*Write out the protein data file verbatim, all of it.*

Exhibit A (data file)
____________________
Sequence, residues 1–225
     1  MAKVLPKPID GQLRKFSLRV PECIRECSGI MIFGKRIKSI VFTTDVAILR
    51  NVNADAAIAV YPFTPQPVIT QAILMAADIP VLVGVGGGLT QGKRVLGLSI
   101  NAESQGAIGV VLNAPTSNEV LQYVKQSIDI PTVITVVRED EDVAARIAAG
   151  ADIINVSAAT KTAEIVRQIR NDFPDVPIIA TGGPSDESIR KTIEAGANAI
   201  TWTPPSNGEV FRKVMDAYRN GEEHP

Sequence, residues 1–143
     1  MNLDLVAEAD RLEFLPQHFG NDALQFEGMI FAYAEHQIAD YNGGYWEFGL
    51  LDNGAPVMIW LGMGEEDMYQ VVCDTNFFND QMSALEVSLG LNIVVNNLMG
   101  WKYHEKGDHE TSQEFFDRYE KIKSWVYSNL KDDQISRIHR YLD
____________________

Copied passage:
Sequence, residues 1–225
     1  MAKVLPKPID GQLRKFSLRV PECIRECSGI MIFGKRIKSI VFTTDVAILR
    51  NVNADAAIAV YPFTPQPVIT QAILMAADIP VLVGVGGGLT QGKRVLGLSI
   101  NAESQGAIGV VLNAPTSNEV LQYVKQSIDI PTVITVVRED EDVAARIAAG
   151  ADIINVSAAT KTAEIVRQIR NDFPDVPIIA TGGPSDESIR KTIEAGANAI
   201  TWTPPSNGEV FRKVMDAYRN GEEHP

Sequence, residues 1–143
     1  MNLDLVAEAD RLEFLPQHFG NDALQFEGMI FAYAEHQIAD YNGGYWEFGL
    51  LDNGAPVMIW LGMGEEDMYQ VVCDTNFFND QMSALEVSLG LNIVVNNLMG
   101  WKYHEKGDHE TSQEFFDRYE KIKSWVYSNL KDDQISRIHR YLD